By Ashley Zimmerman
By Dana Krangel
By John Hood
By Ashley Zimmerman
By David Von Bader
By Sayre Berman
By Steve Brennan
By Ashley Zimmerman
Like she's never soared before
From rocky coast to golden shore
Let the eagle soar"
-- Words and music by John Ashcroft
Few people have seen the clever propaganda memo that the White House recently released in an attempt to stem the tide of youth protest to war in Iraq. New Times has secured a copy. Here are some excerpts:
"America. That's my bitch. Her golden shores raise me and get me all fuzzy-feelin', and her majestic forests are tight. She's kinda like an eagle, soaring like she's never soared before, like when you first tried to snowboard and you fell over, but then you got used to it and pretty soon you were like, booyaaaa!
"One thing cool about my girl is that when another country totally opens a bottle of Haterade she's all, Nuh-uh! No you di'n't!
"Shit's getting deep tho. Shit's getting deep. Now people wanna front on her, taking to the streets all like, 'No blood for oil! Not in my name!'
"Nothin' but playa hatas! Straight-up nizzle de-shizzlas!"
The effects of said memo remain to be seen, but Ashcroft's upcoming collaboration with Method Man could stem the tide, proving what we already know: that music has the power to change minds.
Or at least to raise the spirits of that disenfranchised segment of society known as "the liberals." Thousands of us took to the streets in 2002 and 2003 to protest Bush's Yosemite Sam approach to foreign policy. For those who are ambivalent about the war or even in favor of it, watching from home was a study in anachronism. The recent trade-talk tumult in South Florida reinforced the current regime's dim view of protesters and even peripheral participants, including union leaders, clergy, reporters, and passersby. Protests, like it or not, are still associated with hippies. Hippies, like it or not, are associated with drugs and being out of it, or worse -- being flaky. Face it, it's possible that demonstrations will never again actually work to bring about results other than strengthening the solidarity of the protesters.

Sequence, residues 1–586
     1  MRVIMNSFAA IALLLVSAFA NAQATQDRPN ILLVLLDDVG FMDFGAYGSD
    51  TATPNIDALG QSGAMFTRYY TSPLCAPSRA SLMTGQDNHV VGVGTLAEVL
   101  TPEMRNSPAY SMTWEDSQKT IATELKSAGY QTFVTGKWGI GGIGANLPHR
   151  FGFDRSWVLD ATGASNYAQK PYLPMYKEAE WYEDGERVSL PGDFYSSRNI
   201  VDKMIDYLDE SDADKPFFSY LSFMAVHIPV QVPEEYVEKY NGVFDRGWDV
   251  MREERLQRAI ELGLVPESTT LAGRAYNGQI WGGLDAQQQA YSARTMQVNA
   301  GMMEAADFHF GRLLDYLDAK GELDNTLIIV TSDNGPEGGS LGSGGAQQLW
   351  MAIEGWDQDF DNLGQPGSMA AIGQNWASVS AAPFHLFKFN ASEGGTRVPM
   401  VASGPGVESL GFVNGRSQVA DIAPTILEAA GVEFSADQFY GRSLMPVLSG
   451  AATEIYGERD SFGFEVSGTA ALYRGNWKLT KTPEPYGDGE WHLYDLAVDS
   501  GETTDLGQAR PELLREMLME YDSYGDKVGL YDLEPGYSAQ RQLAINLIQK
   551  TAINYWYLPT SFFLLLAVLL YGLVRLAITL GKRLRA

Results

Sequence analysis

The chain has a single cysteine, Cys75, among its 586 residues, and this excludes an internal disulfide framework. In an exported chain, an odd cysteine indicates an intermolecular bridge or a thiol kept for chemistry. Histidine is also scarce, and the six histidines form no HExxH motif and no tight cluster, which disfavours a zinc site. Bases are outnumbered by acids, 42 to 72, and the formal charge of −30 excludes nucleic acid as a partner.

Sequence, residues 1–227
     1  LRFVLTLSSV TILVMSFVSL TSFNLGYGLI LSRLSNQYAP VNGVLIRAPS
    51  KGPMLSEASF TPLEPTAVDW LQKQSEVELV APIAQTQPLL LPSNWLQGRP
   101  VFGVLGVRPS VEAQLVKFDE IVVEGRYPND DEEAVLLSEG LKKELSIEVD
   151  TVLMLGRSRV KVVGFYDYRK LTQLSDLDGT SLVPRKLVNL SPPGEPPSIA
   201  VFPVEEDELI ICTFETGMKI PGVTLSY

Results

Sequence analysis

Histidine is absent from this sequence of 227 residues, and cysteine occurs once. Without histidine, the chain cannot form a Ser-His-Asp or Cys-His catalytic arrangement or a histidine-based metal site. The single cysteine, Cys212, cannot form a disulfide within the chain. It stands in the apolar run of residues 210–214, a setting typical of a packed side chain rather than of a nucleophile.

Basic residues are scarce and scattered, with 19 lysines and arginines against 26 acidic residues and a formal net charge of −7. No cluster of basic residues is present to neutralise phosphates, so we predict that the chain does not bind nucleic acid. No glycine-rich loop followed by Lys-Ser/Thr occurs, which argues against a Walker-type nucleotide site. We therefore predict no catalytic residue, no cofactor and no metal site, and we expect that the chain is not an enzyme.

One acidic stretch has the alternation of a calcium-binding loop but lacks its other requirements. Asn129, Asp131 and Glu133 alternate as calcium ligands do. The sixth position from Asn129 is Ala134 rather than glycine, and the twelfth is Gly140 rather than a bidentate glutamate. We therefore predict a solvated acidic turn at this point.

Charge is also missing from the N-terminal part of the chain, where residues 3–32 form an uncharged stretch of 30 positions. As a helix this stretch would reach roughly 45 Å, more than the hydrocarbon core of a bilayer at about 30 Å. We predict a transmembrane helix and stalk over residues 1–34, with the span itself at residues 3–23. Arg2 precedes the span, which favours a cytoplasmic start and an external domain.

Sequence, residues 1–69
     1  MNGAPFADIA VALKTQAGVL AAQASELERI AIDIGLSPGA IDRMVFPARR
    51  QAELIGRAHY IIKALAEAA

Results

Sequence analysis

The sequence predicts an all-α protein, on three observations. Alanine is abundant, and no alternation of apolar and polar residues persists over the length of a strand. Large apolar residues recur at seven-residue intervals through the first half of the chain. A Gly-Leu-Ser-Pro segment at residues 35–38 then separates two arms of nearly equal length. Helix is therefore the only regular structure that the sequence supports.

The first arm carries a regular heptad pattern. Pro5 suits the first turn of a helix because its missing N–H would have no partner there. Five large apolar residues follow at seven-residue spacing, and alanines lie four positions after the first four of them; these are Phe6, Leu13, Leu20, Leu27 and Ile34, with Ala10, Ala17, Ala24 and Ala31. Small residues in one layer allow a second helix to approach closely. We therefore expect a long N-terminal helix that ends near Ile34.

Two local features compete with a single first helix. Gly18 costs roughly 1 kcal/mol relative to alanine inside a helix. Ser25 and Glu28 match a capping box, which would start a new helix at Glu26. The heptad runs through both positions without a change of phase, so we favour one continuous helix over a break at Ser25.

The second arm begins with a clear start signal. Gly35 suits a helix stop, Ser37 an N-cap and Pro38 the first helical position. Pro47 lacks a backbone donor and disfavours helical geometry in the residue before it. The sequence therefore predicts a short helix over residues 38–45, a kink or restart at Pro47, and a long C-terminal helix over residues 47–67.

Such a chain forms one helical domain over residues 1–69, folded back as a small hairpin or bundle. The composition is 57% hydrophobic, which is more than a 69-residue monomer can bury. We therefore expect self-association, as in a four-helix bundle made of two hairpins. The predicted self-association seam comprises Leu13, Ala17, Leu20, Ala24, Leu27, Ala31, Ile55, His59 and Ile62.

"I don't look at it that way," says San Francisco Bay Area hip-hop musician and activist Michael Franti. "I don't look at it like it's something from the '60s. This battle with violence and militarism is a battle that's been taking place for thousands of years... and if it is looking back at the '60s, so what?"
Well, first of all, the only time any real progress is made in this country is when the middle-of-the-roaders get involved. They need to be swayed. If the media continue to make protesters look like some loony fringe -- which they tend to do -- the middle isn't going to listen. People opposed to this war need to get themselves a fresh PR campaign. In this case, music might actually be a good place to start. If someone like Jay-Z would step up and speak out about our expensive and morally dubious occupation of Iraq instead of focusing on our to' up domestic situation, the apathetic middle might get off its ass and show some support.
Franti and his group, Spearhead, answered Ashcroft's soaring eagles with an antiwar ballad called "Bomb the World," the lead-off single from Everyone Deserves Music, released in September 2002. Like Gil-Scott Heron, Franti chews his rhetoric into bite-sized pieces, so the message never sounds too radical when he spits it back out. "You can bomb the world to pieces, but you can't bomb it into peace," he observes.
Last January, Franti spoke at Yale University, President Bush's alma mater, in honor of Martin Luther King Jr. Day. His speech focused on music as an instrument for social change. "Music has a way of bringing out emotions in us... in a way that politicians, money, and religion do not," he explains. "It also has the ability to live outside the mainstream, even today, when music has become so corporate and MTV is so powerful. There's still an opportunity for independent voices to be heard."
Besides, Franti says, music is but one tool, just like demonstrating. Protesting's real effectiveness lies in motivating the already aware to keep going. "You can't look at it like things are going to change tomorrow if we protest," he says. "Bush isn't gonna pick up the paper and say, 'You know what? You 200,000 people who were out in the street today, you guys were right.' But if we raise the consciousness that maybe schools should take a precedence over the military, that health care should take precedence over corporate tax breaks, then over time maybe we'll develop that awareness."
Franti and Spearhead are regulars on the antiwar circuit, appearing as part of the Not in Our Name antiwar benefit concert along with Ani DiFranco, Saul Williams, Chuck D, and Ozomatli. "My personal goal is to raise money for AWOL magazine, which is a really great magazine that gives space to musicians, poets, artists, and filmmakers who are doing socially conscious work," Franti says. "The second thing is just to provide an opportunity for people to come together and look into the eyes of others who are concerned about what's happening with this war. As always through my music, I try to enrage, enlighten, and inspire folks. And right now is a time when we can all use some inspiration."
Tight. Now, may Ashcroft's eagle get sucked into the jet engine of the people.